O&P Library > Orthotics and Prosthetics > 1958, Vol 12, Num 4 > pp. 71 - 72

Orthotics and ProstheticsThis journal was digitally reproduced with permission from the American Orthotic & Prosthetic Association (AOPA).

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Orthopedic-Prosthetic Idea Exchange

Everett J. Gordon, M.D. *

Contributing Committee: Everett J. Gordon, M.D., Chairman ; Joseph Ardizzone, P.T.; Raymond Beales, C.P.; Edwin M. Brown, Prosthetic Representative; Victor L. Caron, C.P.; Charles Ross, C.O.&P.

Your editor has received very few communications in the past three months so that comments in this issue will he principally those of the Washington Area. Undoubtedly many of you were at the Miami Beach meeting and must have picked up a few items to contribute to us. We will expect to hear from you before the next issue goes to press.

The SACH foot is being received extremely well by almost all amputees. The manufacturers inform us that a majority of the prescriptions now being filled specify the SACH foot. The Hanger Co. alone has used over 1000 SACH feet and to date there has not been a single change back to the wood foot. Our experiences have also been most satisfactory although we have continued to learn a good deal about the SACH foot with its repeated use. The Washington Clinic will have an exhibit at the Chicago Meeting of the American Academy of Orthopaedic Surgeons in January 1959, showing a SACH foot in actual operation. We hope that some of our friends will stop by and make themselves known.

Some of the technical difficulties with the SACH foot have been a lack of standardization of the durometer of the rubber inserts in the heel cushion, making it difficult to properly evaluate each amputee. In several cases it has been necessary to remove some of the soft sponge rubber and replace it with firm Neoprene inserts to strengthen the heel cushion. Separation of the laminations does occasionally occur hut to date it has not caused any significant problem; we arc dispensing a tube of Barge Cement to each amputee so that he may make early repairs as indicated.

The Canadian hip disarticulation prosthesis has been used in two cases in the Washington Office. Both men have continued to wear it, one with excellent results, and the other with moderate success to date. Both men, however, slate that they have difficulty in getting up from a soft chair and also difficulty in sitting because of the limitation of hip flexion. Getting in and out of an automobile has also proved troublesome but of course that is no easy feat for such an amputee. Neither of our amputees desires to change back to his old Tilt table prosthesis. Each states that the new Canadian type is much less bulky, and one which he believes promises a better gait after sufficient experience with it.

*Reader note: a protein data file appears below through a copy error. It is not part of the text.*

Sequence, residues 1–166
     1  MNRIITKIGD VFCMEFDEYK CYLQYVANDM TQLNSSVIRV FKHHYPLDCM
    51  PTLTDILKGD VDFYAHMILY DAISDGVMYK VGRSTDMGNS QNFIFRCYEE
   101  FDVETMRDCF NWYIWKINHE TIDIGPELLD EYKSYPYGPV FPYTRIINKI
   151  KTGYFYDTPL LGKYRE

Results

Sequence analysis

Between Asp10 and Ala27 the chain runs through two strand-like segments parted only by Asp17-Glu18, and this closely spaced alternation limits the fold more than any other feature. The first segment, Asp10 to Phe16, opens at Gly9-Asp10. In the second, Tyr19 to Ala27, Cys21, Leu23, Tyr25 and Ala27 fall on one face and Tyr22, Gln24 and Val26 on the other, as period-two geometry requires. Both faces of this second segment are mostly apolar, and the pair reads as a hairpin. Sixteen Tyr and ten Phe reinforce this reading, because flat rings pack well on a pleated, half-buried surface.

The Orthopedic Shoe Or Surgery

Prescription of orthopaedic shoes continues to offer many problems. There have been several cases which have demonstrated unwarranted optimism in the effects hoped to be achieved from orthopaedic shoes when more adequate surgery would definitely have been the correct choice of treatment. One veteran with four and one-half years in the hospital, ending with a completely stiff foot and ankle half covered by a skin graft with the foot in marked varus, had obvious difficulty in prolonged walking even with specially built orthopaedic shoes. Orthopaedic shoes can offer him only limited walking ability with incomplete comfort, whereas a Symes amputation would have greatly shortened his hospital stay and given him a much more functional extremity.

Other surgical corrections of deformities, such as removal of bony protuberances, triple arthrodesis for stabilization of the foot, tendon transplants, and correction of hammertoes and bunions permit a much more satisfactory fitting with orthopaedic shoes than trying to build a shoe about the offending obstacle.

We would like to hear from some of you who have taken the functional bracing course at the University of California. Los Angeles. The leaching appears to be quite realistic if it can be applied to properly selected cases. This undoubtedly is a field where defeatism has long been prevalent and, where the type of research now under way may offer definite hope of rehabilitation and salvage to some of our crippled population. Proper construction of the apparatus required in these cases demands a great deal of time and individual study which of course augments the cost of the finished product. We certainly would like to have comments from some of you who have had experience with functional braces for the upper extremity.

The value of a promptly prescribed prosthesis coordinated with a good social service follow-up is of course well known. We recently had an excellent case demonstration in our clinic in one of our BK veterans who also was a chronic alcoholic, requiring treatment in our mental hygiene clinic. As a result of combined teamwork of our psychiatric consultants, our social service worker, and the proper fitting of a prosthesis, this veteran has now shown remarkable creative talent in oil painting. He has a current exhibit in this area and has organized a school for aspiring artists which appears to have an excellently organized curriculum. It is very reassuring to see such results of coordinated therapeutic regimes.

Please let us hear from you in regard to any of the above items, or anything else in the Orthopaedic or Prosthetic field. Perhaps some of you have learned of some special gimmicks for Canadian hip disarticulation prostheses which we can pass on to others, as there is certainly a lot to be learned about this particular prosthesis at the present lime. A prosperous and informative New Year to all of you!

Everett J. Cordon, M.D.

O&P Library > Orthotics and Prosthetics > 1958, Vol 12, Num 4 > pp. 71 - 72

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